]. A significantly higher proportion of nymphs was observed in the upper and middle thirds than the lower thirds of untreated plants, while a greater percentage of nymphs were observed in the middle third of the canopy after treatment with acephate and in the upper third of the canopy in the untreated cotton. The authors speculated that this could be because the highest mortality rate occurred in the upper third of the canopy directly after application. As the lethal residual decays, the upper level could be re-infested by nymphs migrating up the plant or by newly hatched nymphs [20
]. This is consistent with Lawson et al., who reported significantly higher pesticide residues on the leaves in the upper portion of the canopy [21
]. The behavioral response of tarnished plant bug to other insecticides has not been investigated. Currently, there is little information available about the behavioral response of tarnished plant bug to insecticides used for their control. This information may be important for explaining the spatial and temporal distribution of tarnished plant bug in cotton that has been treated with various insecticides. The objective of this experiment was to determine the behavioral response of tarnished plant bug to several classes of insecticides in the laboratory.
2. Materials and Methods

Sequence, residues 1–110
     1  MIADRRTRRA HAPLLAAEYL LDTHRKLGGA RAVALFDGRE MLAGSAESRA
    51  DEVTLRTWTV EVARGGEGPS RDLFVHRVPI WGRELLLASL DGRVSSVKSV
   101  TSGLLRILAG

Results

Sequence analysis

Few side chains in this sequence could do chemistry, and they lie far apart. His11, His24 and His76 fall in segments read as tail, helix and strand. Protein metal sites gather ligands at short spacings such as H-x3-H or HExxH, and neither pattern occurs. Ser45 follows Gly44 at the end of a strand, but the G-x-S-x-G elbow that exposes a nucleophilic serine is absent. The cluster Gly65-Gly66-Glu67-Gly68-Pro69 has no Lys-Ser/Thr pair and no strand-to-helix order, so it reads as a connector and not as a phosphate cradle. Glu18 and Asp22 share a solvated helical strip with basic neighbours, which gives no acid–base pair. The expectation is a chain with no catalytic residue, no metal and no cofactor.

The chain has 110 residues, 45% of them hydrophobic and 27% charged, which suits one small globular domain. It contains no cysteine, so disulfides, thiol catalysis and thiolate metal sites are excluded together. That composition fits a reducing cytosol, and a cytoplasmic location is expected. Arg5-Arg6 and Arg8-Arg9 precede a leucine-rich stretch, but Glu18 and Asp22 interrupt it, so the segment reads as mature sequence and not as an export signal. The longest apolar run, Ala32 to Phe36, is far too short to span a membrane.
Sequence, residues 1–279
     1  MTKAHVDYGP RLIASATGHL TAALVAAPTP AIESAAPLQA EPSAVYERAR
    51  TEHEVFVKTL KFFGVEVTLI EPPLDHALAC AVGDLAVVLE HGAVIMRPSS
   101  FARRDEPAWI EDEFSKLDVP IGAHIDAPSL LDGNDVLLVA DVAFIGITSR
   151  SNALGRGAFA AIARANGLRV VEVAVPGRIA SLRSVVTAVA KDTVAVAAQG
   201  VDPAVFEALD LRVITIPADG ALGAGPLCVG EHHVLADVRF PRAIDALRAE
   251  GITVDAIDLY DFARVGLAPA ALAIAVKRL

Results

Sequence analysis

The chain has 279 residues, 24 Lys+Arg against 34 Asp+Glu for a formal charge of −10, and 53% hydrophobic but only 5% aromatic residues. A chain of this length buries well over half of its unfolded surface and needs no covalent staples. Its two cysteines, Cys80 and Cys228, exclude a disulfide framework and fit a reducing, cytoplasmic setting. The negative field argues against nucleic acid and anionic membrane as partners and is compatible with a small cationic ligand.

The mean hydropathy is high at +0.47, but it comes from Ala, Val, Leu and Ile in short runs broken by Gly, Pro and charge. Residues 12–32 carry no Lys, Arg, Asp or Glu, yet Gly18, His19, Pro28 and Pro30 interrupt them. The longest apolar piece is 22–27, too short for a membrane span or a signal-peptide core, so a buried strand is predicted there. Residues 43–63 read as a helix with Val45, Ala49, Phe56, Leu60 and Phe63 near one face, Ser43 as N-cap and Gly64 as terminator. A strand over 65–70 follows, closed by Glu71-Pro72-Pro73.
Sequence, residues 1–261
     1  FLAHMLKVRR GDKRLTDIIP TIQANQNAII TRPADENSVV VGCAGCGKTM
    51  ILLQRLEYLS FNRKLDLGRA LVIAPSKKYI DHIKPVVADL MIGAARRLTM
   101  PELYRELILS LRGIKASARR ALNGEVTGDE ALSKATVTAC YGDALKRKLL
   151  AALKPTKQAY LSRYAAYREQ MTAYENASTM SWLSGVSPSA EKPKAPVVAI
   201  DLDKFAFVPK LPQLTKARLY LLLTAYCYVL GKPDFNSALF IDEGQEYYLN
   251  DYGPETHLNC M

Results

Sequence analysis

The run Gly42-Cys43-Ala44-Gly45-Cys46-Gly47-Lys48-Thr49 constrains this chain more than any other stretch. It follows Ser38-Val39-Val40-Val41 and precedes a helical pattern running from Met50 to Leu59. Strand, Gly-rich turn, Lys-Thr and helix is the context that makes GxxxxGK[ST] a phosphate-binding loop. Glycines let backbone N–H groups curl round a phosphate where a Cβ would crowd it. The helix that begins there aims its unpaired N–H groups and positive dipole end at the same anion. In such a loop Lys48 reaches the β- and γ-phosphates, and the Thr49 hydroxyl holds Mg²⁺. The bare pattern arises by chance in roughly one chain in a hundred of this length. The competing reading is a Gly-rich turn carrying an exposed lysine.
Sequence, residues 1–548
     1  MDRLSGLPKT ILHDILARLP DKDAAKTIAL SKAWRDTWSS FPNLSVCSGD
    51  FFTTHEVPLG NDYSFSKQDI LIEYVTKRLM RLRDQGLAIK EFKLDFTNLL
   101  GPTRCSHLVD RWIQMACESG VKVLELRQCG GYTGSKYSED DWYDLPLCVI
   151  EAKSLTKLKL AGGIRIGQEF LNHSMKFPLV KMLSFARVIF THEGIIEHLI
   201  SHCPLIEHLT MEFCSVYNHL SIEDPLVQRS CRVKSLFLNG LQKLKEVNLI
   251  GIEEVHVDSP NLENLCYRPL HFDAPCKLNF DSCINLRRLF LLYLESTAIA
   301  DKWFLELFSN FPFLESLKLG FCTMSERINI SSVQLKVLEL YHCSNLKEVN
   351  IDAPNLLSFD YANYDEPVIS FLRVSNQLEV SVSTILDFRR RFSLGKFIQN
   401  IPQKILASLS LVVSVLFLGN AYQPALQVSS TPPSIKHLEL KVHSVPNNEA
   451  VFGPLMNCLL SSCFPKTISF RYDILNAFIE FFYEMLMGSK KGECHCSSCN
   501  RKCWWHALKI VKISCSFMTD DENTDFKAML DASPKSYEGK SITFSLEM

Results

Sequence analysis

Experiments were conducted at the Clay Lyle Entomology Complex in Starkville, MS, in 2014 and 2015 to determine the response of tarnished plant bug nymphs to selected insecticides representing the organophosphate, carbamate, pyrethroid, neonicotinoid, insect growth regulator, sulfoxamine, and pyridine carboxamide classes. These experiments were conducted using third-instar nymphs from a laboratory-reared colony at Mississippi State University, originally reared in 2005. The initial colony was collected from weedy hosts in Mississippi and was supplemented periodically via feral populations collected in Mississippi over time. Prior to initiation of the study, nymphs were reared on semi-solid oligidic diet packs that contained blended whole chicken eggs, sterile water, sugar, Brewer’s yeast, 50% honey solution, and a 10% acetic acid solution [22
] that also included fumagillin at 33.6 ppm [23
]. The colony was maintained on a 14:10 L:D cycle at 27 °C and 70% humidity. Twenty nymphs were aspirated into 1.5 mL scintillation tubes. Green beans (Phaseolus vulgaris